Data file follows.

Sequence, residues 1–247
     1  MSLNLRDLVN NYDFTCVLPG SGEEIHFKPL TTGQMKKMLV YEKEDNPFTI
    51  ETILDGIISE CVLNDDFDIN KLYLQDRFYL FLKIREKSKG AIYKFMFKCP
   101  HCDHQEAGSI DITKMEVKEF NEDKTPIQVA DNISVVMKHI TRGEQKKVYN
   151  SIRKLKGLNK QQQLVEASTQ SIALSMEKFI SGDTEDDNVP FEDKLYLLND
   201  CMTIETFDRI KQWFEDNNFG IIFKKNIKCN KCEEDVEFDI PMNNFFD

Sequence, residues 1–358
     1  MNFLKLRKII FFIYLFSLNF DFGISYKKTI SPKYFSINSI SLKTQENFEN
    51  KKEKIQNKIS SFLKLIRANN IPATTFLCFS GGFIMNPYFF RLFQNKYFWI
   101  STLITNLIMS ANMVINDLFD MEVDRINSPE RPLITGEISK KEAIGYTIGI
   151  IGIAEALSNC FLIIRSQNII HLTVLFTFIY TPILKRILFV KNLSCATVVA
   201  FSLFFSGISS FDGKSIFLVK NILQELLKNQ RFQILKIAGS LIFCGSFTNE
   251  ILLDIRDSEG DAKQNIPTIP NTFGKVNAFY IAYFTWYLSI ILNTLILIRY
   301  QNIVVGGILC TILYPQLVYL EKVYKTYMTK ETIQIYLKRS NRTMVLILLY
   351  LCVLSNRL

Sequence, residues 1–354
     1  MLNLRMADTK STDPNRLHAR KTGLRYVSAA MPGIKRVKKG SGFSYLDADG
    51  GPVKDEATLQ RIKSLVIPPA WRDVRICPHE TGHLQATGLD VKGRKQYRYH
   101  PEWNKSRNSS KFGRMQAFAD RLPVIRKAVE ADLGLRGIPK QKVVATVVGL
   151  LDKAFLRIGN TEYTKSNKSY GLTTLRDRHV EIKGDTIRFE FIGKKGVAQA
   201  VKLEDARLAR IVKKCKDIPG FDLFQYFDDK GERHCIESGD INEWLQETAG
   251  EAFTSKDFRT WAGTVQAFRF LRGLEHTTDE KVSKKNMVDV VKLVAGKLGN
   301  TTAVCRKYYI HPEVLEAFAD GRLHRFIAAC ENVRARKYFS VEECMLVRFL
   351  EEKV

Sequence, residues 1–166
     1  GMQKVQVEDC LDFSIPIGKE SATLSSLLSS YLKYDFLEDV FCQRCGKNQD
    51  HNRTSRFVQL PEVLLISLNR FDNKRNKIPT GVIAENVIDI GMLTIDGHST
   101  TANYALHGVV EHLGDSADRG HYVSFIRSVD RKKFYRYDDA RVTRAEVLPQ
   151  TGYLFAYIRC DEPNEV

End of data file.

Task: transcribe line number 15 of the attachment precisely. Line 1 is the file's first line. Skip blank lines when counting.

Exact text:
   351  LCVLSNRL